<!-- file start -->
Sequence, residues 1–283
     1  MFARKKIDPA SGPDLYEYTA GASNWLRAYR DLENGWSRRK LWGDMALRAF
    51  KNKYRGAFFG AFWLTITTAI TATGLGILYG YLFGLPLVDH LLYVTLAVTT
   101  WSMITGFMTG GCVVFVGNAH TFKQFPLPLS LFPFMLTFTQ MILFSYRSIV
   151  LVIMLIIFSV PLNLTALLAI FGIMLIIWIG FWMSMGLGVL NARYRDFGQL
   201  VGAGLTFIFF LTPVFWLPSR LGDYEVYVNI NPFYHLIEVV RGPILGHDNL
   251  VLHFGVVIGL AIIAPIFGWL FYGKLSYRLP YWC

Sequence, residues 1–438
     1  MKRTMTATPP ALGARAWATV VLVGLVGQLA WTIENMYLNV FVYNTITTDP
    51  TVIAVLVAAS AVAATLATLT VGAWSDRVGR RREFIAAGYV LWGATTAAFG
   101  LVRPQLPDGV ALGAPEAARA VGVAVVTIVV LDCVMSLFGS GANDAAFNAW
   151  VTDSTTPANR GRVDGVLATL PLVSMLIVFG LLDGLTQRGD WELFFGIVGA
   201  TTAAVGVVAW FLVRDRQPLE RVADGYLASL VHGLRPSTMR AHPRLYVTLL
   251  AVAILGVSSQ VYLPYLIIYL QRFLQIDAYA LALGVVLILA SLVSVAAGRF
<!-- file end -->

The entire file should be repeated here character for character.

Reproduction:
Sequence, residues 1–283
     1  MFARKKIDPA SGPDLYEYTA GASNWLRAYR DLENGWSRRK LWGDMALRAF
    51  KNKYRGAFFG AFWLTITTAI TATGLGILYG YLFGLPLVDH LLYVTLAVTT
   101  WSMITGFMTG GCVVFVGNAH TFKQFPLPLS LFPFMLTFTQ MILFSYRSIV
   151  LVIMLIIFSV PLNLTALLAI FGIMLIIWIG FWMSMGLGVL NARYRDFGQL
   201  VGAGLTFIFF LTPVFWLPSR LGDYEVYVNI NPFYHLIEVV RGPILGHDNL
   251  VLHFGVVIGL AIIAPIFGWL FYGKLSYRLP YWC

Sequence, residues 1–438
     1  MKRTMTATPP ALGARAWATV VLVGLVGQLA WTIENMYLNV FVYNTITTDP
    51  TVIAVLVAAS AVAATLATLT VGAWSDRVGR RREFIAAGYV LWGATTAAFG
   101  LVRPQLPDGV ALGAPEAARA VGVAVVTIVV LDCVMSLFGS GANDAAFNAW
   151  VTDSTTPANR GRVDGVLATL PLVSMLIVFG LLDGLTQRGD WELFFGIVGA
   201  TTAAVGVVAW FLVRDRQPLE RVADGYLASL VHGLRPSTMR AHPRLYVTLL
   251  AVAILGVSSQ VYLPYLIIYL QRFLQIDAYA LALGVVLILA SLVSVAAGRF